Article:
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1-14 February 2015

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All text, maps, charts & photos © Hilton Pond Center

30,000 OF 'EM

Two days before last Christmas we were pleased to capture and band three Pine Siskins (PISI)--the first of 2014 at Hilton Pond Center. Usually siskins don't show up here until sometime in January, so we were hopeful their early arrival meant this was going to be a good "winter finch winter." Alas, we banded only seven more PISI the rest of December and just 23 the whole month of January--a far cry from those banner years when we were up to our eyebrows in these little seed-eating birds from the Canadian forests. It was just a matter of being patient and waiting for February, we suppose, for on the first day of this month we trapped 38 Pine Siskins--and the game was on! Groundhog Day (2 February) we added 25 more PISI, caught another 19 the next day, and processed 40 on the 4th. To shorten the story a bit, during the first two weeks of February 2015 we caught a bushel full of siskins; to be exact, the number was 320--not bad for two weeks of work. It was indeed a Pine Siskin irruption, as dozens of finches (above) literally carpeted the ground beneath our sunflower seed feeders!

All text, maps, charts & photos © Hilton Pond Center

There is a quartet of birds we call "winter finches," those being American Goldfinch (AMGO), House Finch (HOFI), Pine Siskin (PISI), and Purple Finch (PUFI). We do have a few AMGO during summer--in fact, the local breeding population appears to be increasing--and some House Finches also occur on a year-round basis. Nonetheless, our biggest influx of these four finches comes during the "winter" season, i.e., late October through late April, and those numbers are indeed big. In fact, on 10 February we banded our 9,500th American Goldfinch--the adult male in the photo above--and on 13 February a Pine Siskin became the 30,000 "winter finch" banded at Hilton Pond Center since 1982. That's a LOT of finches!

All text, maps, charts & photos © Hilton Pond Center
Click on chart to view a larger, more readable version in a new browser window

Most years during the past 34 we've had lots of one or more of those winter finches to band; for many winters, House Finches were most plentiful by far, but their numbers have diminished and American Goldfinches have become the single most commonly banded species at the Center. Because Pine Siskins truly are irruptive and don't appear every year in the Carolina Piedmont, it's understandable they would be the least commonly banded of our winter finches. Even so, with 30,000 finches banded, those four species make up almost half of all birds banded at Hilton Pond Center; to be exact--as of 14 February 2014--they comprised 48.87% of the 61,500 birds we had banded. (As noted on the chart above, this percentage was a jump from 30 March 2014 when the finches' previous total was 48.57% of all birds banded. Please note each of our charts can be clicked on to open a larger, more readable version in a new browser window.)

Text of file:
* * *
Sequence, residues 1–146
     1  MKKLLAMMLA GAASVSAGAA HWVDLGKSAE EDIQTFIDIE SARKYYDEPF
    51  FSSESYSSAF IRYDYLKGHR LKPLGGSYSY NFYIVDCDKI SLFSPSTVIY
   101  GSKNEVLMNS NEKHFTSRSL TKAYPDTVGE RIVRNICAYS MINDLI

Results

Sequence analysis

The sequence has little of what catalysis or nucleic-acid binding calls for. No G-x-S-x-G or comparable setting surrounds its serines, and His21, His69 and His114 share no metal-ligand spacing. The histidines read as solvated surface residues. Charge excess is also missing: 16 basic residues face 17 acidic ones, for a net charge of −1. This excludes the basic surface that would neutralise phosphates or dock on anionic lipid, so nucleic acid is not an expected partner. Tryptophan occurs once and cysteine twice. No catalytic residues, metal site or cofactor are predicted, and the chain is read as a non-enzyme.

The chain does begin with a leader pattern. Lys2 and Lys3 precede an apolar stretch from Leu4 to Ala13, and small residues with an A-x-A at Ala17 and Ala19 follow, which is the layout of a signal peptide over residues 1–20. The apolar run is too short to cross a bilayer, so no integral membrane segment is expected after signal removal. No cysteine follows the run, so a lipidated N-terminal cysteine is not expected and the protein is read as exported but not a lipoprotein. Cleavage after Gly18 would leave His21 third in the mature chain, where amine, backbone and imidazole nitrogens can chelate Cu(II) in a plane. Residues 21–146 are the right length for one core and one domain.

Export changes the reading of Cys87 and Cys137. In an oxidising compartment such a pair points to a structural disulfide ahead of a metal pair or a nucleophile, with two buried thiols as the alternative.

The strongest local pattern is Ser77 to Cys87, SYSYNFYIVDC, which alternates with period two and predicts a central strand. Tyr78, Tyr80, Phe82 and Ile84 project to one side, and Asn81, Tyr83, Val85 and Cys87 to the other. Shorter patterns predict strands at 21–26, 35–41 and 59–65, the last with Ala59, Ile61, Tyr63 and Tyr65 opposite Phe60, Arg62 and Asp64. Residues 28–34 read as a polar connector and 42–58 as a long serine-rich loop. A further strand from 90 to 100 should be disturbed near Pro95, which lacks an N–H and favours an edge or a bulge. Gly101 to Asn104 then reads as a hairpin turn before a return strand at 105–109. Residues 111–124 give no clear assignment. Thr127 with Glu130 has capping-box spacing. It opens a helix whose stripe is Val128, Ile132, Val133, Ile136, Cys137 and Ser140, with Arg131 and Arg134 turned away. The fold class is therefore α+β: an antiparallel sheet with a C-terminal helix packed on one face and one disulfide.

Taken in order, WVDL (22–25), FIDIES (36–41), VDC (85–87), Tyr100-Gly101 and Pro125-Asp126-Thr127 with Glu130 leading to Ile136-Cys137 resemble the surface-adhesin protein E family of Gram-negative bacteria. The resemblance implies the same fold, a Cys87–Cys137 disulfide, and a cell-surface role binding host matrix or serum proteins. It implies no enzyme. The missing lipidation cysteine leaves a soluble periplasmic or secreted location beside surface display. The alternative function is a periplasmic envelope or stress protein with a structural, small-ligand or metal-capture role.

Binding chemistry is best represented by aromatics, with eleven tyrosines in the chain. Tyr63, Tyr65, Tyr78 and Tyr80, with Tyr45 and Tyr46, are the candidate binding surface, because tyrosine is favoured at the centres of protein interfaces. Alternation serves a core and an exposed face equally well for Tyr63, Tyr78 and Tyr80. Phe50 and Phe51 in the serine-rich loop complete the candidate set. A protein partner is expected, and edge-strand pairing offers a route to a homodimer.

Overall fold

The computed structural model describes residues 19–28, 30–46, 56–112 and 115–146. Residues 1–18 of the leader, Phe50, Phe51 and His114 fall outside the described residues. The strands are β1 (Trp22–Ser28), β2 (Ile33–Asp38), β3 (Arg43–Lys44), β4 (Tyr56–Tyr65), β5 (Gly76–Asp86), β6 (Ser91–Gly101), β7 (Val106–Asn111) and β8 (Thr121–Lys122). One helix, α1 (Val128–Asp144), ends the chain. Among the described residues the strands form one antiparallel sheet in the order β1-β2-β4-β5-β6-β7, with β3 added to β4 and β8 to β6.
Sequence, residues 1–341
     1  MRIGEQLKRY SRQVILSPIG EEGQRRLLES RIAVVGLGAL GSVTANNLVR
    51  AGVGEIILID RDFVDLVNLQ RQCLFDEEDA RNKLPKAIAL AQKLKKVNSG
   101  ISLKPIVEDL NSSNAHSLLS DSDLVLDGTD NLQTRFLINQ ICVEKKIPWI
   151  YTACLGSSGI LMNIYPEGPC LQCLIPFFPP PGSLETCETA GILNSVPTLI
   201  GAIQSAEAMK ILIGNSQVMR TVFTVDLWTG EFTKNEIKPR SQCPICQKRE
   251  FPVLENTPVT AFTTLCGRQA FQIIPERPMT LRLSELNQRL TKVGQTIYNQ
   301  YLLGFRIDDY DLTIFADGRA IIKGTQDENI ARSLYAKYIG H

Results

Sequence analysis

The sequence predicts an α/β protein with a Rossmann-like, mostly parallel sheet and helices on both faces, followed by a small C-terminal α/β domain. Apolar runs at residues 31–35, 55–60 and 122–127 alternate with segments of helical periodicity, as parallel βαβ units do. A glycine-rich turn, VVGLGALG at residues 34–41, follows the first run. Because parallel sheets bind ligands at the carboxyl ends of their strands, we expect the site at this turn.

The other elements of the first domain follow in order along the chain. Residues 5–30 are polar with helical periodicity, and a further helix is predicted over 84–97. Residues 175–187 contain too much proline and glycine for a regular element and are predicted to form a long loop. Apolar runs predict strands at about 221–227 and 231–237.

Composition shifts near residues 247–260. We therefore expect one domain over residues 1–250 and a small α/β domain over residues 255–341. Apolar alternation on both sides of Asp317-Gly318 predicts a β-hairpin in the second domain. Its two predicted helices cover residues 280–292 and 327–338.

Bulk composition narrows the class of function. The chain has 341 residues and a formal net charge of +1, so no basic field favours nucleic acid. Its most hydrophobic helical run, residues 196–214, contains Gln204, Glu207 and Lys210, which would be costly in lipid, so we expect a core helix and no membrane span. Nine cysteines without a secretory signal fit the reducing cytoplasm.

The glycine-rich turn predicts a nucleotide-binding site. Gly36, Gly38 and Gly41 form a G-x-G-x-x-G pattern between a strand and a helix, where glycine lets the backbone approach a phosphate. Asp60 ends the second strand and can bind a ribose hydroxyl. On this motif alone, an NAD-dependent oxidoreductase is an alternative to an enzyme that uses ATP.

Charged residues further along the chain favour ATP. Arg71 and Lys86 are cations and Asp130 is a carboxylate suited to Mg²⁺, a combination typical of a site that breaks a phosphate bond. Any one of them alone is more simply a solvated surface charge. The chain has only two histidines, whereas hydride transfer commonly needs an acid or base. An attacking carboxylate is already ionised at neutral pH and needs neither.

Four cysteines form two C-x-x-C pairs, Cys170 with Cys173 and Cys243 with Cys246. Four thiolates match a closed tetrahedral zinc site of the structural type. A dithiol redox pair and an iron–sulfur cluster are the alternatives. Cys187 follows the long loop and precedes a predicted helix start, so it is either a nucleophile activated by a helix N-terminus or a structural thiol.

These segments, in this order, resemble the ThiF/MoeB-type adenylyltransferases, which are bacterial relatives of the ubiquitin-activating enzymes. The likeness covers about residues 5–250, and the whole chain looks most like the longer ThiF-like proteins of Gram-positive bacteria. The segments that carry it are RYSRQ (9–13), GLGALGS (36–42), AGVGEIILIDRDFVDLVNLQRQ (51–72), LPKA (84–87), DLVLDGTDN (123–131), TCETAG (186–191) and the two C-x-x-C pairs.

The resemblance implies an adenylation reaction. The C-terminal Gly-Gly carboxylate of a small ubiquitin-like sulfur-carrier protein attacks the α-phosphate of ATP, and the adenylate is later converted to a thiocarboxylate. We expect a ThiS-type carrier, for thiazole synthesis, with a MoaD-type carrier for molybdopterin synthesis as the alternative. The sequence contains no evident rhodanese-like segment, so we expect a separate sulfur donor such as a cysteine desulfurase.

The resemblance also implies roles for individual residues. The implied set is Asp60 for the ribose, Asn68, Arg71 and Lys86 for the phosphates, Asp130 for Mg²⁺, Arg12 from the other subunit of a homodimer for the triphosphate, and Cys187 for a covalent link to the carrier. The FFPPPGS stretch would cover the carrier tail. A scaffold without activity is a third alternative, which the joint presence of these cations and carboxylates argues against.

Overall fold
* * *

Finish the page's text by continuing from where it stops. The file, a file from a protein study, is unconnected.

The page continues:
All text, maps, charts & photos © Hilton Pond Center

In a good finch winter like the current one, it's not at all uncommon to have all four finch species at a feeder at the same time--as in the photo above. The two red birds near the feeder top are male House Finches (with a female just below on the right), a Purple Finch of unknown sex is on the feeder tray at bottom center. Male and female American Goldfinches sit on the tray and feeder perches, and dark and heavily streaked Pine Siskins are all over the place--including one coming in for a landing from the left. We so many birds around, we thought it appropriate to take a closer look at the four winter finches and discuss a few things we've learned about them at Hilton Pond Center.

Spinus tristis

All text, maps, charts & photos © Hilton Pond Center

Perhaps most familiar of our four winter finches is the American Goldfinch. During breeding season adult males are unmistakable as "wild canaries" with black wings and foreheads, but in winter the bright yellow male acquires more subdued plumage (above). Come February, jet black wings remain on males of any age, while older (after-second-year) males exhibit bright shoulder patches and usually have some dark forehead speckling.

All text, maps, charts & photos © Hilton Pond Center

Second-year male AMGO look a lot like older males except the shoulder (above) is "salt-and-pepper" and not very noticeable at the feeder. Again, these younger males almost always show a black feather or two in the forehead.

All text, maps, charts & photos © Hilton Pond Center

Female American Goldfinches (above) look much like winter males, with relatively drab plumage. There's no bright shoulder and wings are paler black, and the forehead never has any black feathers. There's considerable variation in just how black a female's wing feathers appear; some are dark enough to warrant a second look before conclusively deciding the sex of an individual bird. Note that in winter the mandibles of all American Goldfinches are very dark; when breeding hormones kick in come spring, carotene pigments from the birds' food will cause the bills to turn bright orange.

All text, maps, charts & photos © Hilton Pond Center
Click on chart to view a larger, more readable version in a new browser window